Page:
hawaii paddlers race in world competition

Craig DeSilva
October 04, 2022

Determination, hard work, discipline, and a lot of fun can go a long way to help you reach the finish line.

That was the right combination for members of the Waikoloa Outrigger Paddling Club on Hawaii Island. A year ago, they decided to enter in the Women 70-Plus and 75-Plus categories at the International Vaa Federation’s World Outrigger Canoe Sprint Championships in Great Britain, which took place in August.

Some of them had never paddled together. Others had never competed in an international race. One crewmember was recovering from a stroke she had nine months earlier that had left her unable to speak and much of her body immobile. But that didn’t stop them from racing in the 500-meter sprint at Lake Dorney, a man-made lake built for the 2012 Olympics outside London. 

From left: Marcie Davis, Sherri Carney, Robina Browne, Lillian Lim, Vicki Serrao, Gail Quitevis, and Pat Allbee.

With guidance from coach Jeb Goss, the crew trained for a year, paddling together almost every other morning for about an hour. During the day, they endured a cross training regimen that included running, biking, swimming, and weightlifting. Throughout their training, they sought strength and guidance from the Hawaiian phrase, nana i ke kumu (“look to the source”) and the Waikoloa Foundation’s mantra kumu hou (“renewed purpose”).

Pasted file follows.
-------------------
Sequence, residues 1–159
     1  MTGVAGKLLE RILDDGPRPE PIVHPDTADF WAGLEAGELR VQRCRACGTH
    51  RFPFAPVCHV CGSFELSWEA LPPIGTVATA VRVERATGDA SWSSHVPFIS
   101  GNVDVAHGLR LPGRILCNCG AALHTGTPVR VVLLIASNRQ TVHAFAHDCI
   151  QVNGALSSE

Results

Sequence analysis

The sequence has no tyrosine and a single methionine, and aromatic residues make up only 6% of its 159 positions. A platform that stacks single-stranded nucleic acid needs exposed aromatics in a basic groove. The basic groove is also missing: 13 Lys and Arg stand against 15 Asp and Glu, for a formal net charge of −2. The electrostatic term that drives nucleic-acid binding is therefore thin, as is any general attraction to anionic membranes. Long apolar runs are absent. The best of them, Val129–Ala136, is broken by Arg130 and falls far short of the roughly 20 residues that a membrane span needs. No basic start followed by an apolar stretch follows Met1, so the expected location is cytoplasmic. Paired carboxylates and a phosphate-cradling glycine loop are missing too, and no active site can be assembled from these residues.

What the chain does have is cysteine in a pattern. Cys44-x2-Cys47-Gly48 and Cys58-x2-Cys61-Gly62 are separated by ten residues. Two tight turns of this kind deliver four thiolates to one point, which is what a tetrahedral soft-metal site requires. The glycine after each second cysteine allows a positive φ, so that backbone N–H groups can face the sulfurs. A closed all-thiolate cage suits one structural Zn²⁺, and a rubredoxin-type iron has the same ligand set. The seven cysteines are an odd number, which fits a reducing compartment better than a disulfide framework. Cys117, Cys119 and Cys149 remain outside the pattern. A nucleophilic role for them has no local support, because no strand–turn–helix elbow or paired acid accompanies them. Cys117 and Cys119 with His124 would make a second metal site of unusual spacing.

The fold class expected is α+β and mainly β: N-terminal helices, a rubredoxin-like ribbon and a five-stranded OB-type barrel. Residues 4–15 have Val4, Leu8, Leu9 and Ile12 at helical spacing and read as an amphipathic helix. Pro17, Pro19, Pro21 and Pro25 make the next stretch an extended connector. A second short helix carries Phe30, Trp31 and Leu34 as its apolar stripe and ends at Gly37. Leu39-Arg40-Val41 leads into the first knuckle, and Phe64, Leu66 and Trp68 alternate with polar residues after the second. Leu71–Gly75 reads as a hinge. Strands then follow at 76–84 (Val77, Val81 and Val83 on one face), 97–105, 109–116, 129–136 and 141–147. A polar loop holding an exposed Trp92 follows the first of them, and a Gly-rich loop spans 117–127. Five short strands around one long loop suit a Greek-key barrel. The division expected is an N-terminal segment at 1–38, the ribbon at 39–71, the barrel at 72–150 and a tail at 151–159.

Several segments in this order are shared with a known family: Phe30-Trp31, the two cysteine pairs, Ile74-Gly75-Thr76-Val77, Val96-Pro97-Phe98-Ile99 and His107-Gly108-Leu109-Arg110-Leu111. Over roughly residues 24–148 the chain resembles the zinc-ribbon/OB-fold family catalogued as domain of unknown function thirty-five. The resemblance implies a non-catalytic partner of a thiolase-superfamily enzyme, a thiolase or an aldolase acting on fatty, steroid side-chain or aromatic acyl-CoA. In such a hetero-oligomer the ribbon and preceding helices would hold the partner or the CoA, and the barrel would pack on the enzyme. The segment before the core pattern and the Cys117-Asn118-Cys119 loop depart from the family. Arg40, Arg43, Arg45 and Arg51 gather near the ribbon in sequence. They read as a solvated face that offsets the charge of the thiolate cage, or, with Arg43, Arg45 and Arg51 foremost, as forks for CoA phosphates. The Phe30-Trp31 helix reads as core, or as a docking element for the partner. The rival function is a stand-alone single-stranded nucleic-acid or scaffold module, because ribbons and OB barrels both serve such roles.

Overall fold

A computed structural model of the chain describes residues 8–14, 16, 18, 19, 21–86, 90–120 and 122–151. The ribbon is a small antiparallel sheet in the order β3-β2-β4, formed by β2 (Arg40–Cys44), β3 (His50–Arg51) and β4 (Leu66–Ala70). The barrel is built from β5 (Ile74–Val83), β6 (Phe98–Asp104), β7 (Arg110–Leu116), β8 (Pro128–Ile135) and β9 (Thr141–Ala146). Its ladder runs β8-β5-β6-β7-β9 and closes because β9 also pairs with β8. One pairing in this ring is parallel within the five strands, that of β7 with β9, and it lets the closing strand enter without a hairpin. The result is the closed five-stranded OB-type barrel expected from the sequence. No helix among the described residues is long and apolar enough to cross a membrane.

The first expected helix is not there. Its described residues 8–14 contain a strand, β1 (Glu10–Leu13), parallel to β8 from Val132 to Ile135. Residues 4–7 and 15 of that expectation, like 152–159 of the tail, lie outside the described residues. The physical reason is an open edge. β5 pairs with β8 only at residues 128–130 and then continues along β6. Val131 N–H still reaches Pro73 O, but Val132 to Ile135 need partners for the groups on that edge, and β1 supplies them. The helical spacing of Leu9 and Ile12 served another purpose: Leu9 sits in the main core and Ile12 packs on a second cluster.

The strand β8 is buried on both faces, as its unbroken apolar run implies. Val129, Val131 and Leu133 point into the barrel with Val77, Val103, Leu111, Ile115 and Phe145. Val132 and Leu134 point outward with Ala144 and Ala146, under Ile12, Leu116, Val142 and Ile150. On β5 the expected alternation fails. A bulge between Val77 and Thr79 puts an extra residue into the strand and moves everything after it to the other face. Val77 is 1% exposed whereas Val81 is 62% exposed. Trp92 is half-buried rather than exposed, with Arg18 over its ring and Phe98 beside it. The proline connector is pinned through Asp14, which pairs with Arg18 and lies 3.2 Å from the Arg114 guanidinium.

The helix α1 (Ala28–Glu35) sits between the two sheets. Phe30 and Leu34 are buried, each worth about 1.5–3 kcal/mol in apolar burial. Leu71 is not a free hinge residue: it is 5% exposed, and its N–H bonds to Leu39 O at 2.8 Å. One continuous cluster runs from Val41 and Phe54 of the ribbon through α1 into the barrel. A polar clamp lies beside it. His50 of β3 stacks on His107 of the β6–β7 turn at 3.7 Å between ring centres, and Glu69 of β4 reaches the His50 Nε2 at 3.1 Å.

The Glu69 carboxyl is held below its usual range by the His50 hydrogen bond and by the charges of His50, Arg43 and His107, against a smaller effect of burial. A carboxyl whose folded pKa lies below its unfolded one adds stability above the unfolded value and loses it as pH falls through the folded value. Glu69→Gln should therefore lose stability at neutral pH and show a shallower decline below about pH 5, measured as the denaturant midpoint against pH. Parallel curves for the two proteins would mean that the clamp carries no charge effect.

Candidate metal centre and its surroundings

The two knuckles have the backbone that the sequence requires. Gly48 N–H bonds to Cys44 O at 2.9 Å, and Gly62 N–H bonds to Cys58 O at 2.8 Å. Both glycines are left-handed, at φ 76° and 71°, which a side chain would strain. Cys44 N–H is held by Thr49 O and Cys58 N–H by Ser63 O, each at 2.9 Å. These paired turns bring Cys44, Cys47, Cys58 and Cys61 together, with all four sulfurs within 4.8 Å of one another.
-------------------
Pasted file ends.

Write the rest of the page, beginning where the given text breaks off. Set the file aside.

“This race attracts the best of the best, so the competition level is pretty high,” says crewmember Gail Quitevis, 72. “Training together helped us push each other’s competitiveness and made it more fun.”

Quitevis has been paddling for 30 years and has competed in the Na Wahine O Ke Kai’s Molokai to Oahu crossing 10 times. But this international race was one of the most memorable.

“It was special because of the camaraderie and friendships we built training and competing together,” she says. “Although we [the 70-age group crew] didn’t medal, we were right there with the other teams. We did well.” The crew members who were additionally competing in the 75-age group brought home gold and silver medals.

“You can feel the energy when you’re paddling as a team,” she says. “And being on the water is energizing.”  

Quitevis says paddling helps her and her teammates feel young and stay in shape.

“After all these years of paddling, I now realize that I don’t need to win anymore. I just need to have fun,” she says.

The crew is hoping to compete in the championship event again when Hilo hosts the races in 2024.

Photos: Courtesy of Lillian Lim

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